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Parentheses & Brackets

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Presentation on theme: "Parentheses & Brackets"— Presentation transcript:

1 Parentheses & Brackets
Two Minor Punctuation Marks That You Should Know How to Use

2 Parentheses Rule #1 Use parentheses to enclose supplemental material, minor digressions, and afterthoughts.

3 Examples After taking her vital signs (temperature, pulse, and blood pressure), the nurse made Becky as comfortable as possible. The weights James was first able to move (not lift, mind you) were measured in ounces.

4 Parentheses Rule #2 Use parentheses to enclose letters or numbers labeling items in a series.

5 Rule #2 Example Regulations stipulated that only the following equipment could be used on the survival mission: (1) a knife, (2) thirty feet of parachute line, (3) a book of matches, (4) two ponchos, (5) an E tool, and (6) a signal flare.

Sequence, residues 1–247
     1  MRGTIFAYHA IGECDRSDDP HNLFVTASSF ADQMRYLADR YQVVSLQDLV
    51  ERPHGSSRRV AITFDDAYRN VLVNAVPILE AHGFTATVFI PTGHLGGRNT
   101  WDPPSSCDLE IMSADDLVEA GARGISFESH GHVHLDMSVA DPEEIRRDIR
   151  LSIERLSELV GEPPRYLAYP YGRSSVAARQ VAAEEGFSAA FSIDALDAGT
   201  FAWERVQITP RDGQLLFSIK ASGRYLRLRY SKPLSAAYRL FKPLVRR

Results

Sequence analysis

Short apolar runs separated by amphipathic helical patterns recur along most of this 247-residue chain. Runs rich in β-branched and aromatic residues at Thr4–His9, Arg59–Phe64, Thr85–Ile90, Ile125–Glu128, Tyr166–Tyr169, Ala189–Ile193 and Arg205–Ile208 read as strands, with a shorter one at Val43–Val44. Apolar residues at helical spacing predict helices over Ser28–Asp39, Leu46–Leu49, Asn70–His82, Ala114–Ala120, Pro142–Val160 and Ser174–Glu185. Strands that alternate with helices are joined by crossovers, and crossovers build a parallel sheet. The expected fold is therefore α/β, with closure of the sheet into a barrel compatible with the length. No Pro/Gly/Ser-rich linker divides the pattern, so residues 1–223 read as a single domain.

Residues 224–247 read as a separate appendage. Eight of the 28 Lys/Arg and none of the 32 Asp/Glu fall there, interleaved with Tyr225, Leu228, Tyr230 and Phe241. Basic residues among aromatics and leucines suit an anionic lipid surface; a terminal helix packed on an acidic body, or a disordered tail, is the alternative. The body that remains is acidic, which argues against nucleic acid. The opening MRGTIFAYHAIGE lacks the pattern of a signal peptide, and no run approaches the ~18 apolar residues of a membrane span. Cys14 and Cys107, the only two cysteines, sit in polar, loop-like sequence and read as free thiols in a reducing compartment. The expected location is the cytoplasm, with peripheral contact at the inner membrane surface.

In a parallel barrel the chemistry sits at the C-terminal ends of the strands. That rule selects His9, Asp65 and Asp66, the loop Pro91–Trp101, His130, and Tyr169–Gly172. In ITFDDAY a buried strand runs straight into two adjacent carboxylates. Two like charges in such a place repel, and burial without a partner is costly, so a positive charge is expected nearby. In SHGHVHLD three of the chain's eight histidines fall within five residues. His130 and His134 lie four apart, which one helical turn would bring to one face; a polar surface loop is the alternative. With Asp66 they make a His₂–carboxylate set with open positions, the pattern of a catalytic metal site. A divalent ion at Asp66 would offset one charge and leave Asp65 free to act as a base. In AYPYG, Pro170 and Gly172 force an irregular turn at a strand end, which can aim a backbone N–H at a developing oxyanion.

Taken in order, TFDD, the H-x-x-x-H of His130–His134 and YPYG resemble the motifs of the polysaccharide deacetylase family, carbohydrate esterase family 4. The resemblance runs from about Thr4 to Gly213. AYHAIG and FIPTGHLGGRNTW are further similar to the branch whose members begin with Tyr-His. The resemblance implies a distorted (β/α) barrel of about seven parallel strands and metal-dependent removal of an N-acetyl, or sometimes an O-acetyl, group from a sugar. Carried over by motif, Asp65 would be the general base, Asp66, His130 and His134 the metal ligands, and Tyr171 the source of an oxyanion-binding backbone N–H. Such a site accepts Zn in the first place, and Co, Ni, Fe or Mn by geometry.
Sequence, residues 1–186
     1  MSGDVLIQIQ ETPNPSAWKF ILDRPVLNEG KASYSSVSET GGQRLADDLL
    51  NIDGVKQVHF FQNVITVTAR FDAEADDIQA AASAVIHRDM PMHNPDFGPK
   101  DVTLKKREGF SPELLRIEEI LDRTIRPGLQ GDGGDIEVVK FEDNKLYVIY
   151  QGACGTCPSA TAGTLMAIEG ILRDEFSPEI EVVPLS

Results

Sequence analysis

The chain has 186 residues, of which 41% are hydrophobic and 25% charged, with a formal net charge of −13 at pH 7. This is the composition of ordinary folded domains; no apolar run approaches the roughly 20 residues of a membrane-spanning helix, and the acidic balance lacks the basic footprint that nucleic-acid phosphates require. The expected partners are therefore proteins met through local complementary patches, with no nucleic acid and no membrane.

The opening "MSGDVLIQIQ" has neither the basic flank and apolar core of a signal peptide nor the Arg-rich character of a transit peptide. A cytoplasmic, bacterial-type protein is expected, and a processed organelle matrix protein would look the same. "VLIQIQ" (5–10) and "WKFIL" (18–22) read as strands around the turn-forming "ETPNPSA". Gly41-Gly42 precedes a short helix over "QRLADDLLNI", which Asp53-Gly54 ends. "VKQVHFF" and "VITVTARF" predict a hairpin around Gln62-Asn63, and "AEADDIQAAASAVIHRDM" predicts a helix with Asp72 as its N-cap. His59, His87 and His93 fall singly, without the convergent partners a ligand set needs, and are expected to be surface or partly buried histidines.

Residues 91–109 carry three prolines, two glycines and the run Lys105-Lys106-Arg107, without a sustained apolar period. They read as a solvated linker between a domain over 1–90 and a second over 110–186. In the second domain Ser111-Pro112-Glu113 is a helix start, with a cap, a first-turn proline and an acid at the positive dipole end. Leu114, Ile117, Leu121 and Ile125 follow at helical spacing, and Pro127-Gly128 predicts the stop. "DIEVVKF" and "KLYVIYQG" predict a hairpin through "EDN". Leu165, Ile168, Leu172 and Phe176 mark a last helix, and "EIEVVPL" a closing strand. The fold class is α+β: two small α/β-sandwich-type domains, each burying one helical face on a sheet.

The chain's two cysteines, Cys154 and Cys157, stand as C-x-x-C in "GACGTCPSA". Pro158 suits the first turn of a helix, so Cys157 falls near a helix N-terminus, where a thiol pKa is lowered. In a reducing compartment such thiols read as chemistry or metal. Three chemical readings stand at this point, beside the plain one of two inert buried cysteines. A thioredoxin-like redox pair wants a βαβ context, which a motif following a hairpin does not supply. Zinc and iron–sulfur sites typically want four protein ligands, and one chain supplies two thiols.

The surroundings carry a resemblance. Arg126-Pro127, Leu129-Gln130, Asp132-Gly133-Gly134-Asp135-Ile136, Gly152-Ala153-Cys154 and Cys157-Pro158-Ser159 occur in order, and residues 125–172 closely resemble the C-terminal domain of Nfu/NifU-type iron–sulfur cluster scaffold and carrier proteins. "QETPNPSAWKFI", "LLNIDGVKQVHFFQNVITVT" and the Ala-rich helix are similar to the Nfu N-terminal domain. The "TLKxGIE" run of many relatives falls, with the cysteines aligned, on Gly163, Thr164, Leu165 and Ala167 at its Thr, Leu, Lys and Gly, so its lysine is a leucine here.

6 TIP So not overuse parentheses. Rough drafts are likely to contain more afterthoughts than necessary. As writers head into a sentence, they often think of additional details, occasionally working them in as best they can with parentheses. Such sentences should be revised so that the additional details no longer seem to be afterthoughts.

7 Example Researchers have said that thirteen million (estimates run as high as eighteen million) Americans have diabetes. Researchers have said that from thirteen to eighteen million Americans have diabetes.

8 Bracket Rule #1 Use brackets to enclose any words or phrases that you have inserted into an otherwise word-for-word quotation.

9 Example Audubon reports that “if there are not enough young to balance deaths, the end of the species [California condor] is inevitable.” The sentence quoted above did not originally contain the words California condor, so the writer needed to add the name in brackets.

10 Brackets Rule #2 The Latin word “sic” in brackets indicates that an error in a quoted sentence appears in the original source.

11 Brackets Rule #2 Example
According to the review, Nelly Furtado’s performance was brilliant, “exceding [sic] the expectations of even her most loyal fans.” Do not overuse “sic,” however, since calling attention to others’ mistakes can appear snobbish.

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